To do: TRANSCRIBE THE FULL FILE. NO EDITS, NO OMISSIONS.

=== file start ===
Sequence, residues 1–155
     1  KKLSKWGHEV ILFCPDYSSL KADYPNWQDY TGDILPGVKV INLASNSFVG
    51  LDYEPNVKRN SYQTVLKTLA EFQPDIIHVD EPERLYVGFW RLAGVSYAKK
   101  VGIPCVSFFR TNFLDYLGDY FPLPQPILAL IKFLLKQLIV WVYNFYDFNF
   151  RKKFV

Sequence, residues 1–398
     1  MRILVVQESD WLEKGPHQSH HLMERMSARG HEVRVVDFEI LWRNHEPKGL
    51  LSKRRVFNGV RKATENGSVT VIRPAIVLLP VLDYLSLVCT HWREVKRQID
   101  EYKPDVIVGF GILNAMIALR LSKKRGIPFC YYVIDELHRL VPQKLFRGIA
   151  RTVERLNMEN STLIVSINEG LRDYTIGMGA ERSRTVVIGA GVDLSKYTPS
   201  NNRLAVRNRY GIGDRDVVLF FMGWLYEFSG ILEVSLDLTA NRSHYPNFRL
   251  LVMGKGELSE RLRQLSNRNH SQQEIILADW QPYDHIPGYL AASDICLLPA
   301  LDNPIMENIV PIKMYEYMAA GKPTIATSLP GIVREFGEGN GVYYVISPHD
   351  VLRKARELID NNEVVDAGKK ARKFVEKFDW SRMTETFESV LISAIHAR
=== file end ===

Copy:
Sequence, residues 1–155
     1  KKLSKWGHEV ILFCPDYSSL KADYPNWQDY TGDILPGVKV INLASNSFVG
    51  LDYEPNVKRN SYQTVLKTLA EFQPDIIHVD EPERLYVGFW RLAGVSYAKK
   101  VGIPCVSFFR TNFLDYLGDY FPLPQPILAL IKFLLKQLIV WVYNFYDFNF
   151  RKKFV

Sequence, residues 1–398
     1  MRILVVQESD WLEKGPHQSH HLMERMSARG HEVRVVDFEI LWRNHEPKGL
    51  LSKRRVFNGV RKATENGSVT VIRPAIVLLP VLDYLSLVCT HWREVKRQID
   101  EYKPDVIVGF GILNAMIALR LSKKRGIPFC YYVIDELHRL VPQKLFRGIA
   151  RTVERLNMEN STLIVSINEG LRDYTIGMGA ERSRTVVIGA GVDLSKYTPS
   201  NNRLAVRNRY GIGDRDVVLF FMGWLYEFSG ILEVSLDLTA NRSHYPNFRL
   251  LVMGKGELSE RLRQLSNRNH SQQEIILADW QPYDHIPGYL AASDICLLPA
   301  LDNPIMENIV PIKMYEYMAA GKPTIATSLP GIVREFGEGN GVYYVISPHD
   351  VLRKARELID NNEVVDAGKK ARKFVEKFDW SRMTETFESV LISAIHAR